The Xerox Phaser 3250/DN monochrome laser printer could fit well into a small office or home office. It is inexpensive, requires little effort to set up and maintain, and has enough helpful features to offset its handful of drawbacks.
The Xerox Phaser 3250/DN posted midrange scores in our speed tests. Xerox promises a print speed of up to 30 pages per minute - and on plain-text pages it got close, hitting 27.7ppm (although just 7ppm on graphics pages). As commonly happens with monochrome lasers, it delivered superb text quality and mediocre graphics quality, with a limited range of grays and some horizontal banding through the darker parts of the images.
Boxy and squat, the Xerox Phaser 3250/DN has a basic design. The control panel consists of one button and a couple of LEDs. Although the absence of word labels makes these items inscrutable (especially as regards blinking lights), the printer's web-based status monitor more than compensates by offering a wealth of information onscreen.
The Xerox Phaser 3250/DN's included automatic duplexer is an especially nice feature on such a low-cost printer. The PDF-based documentation is excellent, too, and includes animated troubleshooting support.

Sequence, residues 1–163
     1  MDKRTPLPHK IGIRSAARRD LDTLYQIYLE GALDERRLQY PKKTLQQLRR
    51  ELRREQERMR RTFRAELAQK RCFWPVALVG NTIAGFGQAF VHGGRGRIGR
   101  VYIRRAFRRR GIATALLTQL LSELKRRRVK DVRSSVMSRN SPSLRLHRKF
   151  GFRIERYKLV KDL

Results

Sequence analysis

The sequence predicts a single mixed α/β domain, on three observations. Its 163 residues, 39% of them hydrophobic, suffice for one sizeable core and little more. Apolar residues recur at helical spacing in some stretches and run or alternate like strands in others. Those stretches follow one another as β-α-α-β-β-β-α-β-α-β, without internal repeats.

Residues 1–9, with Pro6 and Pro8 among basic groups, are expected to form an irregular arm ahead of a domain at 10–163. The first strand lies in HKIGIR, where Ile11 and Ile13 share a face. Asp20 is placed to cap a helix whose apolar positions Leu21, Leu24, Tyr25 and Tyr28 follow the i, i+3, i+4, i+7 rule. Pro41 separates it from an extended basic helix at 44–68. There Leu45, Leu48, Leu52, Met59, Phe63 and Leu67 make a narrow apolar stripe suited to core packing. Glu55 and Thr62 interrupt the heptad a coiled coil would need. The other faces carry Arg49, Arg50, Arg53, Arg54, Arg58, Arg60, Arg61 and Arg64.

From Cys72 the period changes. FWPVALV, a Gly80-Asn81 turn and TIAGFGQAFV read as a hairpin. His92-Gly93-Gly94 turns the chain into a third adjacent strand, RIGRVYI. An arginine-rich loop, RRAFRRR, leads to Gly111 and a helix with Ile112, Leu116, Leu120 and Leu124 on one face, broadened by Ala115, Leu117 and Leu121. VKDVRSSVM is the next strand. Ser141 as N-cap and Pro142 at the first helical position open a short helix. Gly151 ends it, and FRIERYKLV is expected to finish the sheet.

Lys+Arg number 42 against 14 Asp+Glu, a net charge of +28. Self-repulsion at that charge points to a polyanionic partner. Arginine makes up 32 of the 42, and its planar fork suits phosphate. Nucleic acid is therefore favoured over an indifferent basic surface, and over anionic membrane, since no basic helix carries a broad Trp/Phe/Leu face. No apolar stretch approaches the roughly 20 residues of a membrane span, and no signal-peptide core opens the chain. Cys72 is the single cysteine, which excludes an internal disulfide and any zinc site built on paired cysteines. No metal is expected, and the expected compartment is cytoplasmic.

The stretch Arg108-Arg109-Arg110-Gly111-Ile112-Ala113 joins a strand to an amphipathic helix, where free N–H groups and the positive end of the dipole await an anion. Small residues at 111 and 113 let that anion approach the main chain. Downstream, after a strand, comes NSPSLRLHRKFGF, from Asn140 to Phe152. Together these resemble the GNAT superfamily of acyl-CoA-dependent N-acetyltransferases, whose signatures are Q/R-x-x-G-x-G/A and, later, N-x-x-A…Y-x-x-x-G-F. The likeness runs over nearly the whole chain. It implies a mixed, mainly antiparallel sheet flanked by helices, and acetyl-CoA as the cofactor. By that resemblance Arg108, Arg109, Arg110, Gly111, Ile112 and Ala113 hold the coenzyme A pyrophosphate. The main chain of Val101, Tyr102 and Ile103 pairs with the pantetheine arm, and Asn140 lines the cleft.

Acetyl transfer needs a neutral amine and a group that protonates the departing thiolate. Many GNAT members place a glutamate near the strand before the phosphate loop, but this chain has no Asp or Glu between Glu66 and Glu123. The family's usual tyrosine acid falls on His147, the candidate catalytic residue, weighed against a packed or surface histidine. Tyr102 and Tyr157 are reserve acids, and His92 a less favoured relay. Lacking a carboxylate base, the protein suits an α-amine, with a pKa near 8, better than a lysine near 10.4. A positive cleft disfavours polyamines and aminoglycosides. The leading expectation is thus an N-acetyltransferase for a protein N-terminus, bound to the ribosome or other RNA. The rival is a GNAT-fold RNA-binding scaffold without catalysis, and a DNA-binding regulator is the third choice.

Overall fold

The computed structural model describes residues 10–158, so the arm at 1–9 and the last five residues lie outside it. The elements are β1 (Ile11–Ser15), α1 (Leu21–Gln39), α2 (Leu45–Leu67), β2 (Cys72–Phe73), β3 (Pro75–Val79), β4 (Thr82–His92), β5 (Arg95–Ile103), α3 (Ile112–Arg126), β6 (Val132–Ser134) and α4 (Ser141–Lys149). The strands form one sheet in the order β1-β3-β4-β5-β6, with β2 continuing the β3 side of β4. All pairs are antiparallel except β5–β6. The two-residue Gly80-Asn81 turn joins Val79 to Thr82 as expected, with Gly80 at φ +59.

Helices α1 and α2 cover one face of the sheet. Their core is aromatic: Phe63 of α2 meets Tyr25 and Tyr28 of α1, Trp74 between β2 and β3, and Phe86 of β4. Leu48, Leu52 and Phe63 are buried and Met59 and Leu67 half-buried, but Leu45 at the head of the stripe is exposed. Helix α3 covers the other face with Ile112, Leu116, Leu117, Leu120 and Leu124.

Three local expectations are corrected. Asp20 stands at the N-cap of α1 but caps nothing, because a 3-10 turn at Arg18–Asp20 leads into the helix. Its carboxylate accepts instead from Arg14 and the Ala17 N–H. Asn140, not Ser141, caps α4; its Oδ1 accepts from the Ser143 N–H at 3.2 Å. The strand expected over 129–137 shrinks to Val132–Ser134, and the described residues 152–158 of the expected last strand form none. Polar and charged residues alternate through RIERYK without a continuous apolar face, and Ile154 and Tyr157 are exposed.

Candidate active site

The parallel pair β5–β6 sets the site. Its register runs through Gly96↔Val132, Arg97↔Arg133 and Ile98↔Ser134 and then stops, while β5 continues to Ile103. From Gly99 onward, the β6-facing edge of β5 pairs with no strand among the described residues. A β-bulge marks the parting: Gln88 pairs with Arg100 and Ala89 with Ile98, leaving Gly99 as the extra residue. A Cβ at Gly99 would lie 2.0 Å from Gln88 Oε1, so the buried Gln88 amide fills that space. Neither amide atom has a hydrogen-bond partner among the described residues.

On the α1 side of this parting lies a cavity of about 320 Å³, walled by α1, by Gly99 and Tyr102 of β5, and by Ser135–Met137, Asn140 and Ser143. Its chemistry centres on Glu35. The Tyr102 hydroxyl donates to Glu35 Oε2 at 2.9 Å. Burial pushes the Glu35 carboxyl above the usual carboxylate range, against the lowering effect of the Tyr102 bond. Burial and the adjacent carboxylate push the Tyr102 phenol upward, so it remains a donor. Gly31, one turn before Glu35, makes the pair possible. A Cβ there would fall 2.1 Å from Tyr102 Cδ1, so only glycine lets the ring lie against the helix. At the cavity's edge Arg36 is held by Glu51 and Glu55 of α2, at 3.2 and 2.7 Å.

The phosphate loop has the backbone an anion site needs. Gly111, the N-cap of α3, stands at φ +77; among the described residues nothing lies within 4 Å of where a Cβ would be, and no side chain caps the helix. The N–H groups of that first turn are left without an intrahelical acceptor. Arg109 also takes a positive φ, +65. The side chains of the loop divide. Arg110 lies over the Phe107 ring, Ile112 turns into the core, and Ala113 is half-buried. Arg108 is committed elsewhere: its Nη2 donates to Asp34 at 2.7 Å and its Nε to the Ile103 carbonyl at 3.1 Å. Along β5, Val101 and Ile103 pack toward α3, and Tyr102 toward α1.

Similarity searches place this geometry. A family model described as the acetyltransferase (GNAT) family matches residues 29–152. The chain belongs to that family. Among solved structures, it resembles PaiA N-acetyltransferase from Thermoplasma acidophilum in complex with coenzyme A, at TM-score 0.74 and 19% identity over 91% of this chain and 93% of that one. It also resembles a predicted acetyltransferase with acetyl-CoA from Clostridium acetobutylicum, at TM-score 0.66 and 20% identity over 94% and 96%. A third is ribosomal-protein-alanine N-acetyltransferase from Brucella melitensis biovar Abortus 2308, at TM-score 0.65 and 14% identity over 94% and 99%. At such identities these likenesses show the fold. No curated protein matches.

Unfortunately, the Xerox Phaser 3250/DN is saddled with one of the worst paper-tray designs we've seen. Despite having some metal reinforcement, the 250-sheet main tray still has a lot of flex. You can extend it to fit legal-size paper, but to do so you have to locate discreet tabs in the bottom of the tray.
The horizontal guides are even worse: they move in easily, but we had to exert an unusually large amount of force to move them outward, even with the release lever depressed. If you regularly print on media in an array of sizes, you'll be far better off using the single-sheet feeder.
The Xerox Phaser 3250/DN's consumables costs are a bit above average, but not unreasonably so. The machine ships with a 2,000-page starter cartridge. Replacements come in two sizes: a 3,500-page regular cartridge and a 5,000-page high-yield cartridge. Replacing the cartridge is easy: you pull open the printer's front panel, and the rectangular cartridge handle is obvious. There is only one way to slide in the replacement, and it locks into place with no resistance.
NEXT PAGE: our expert verdict >>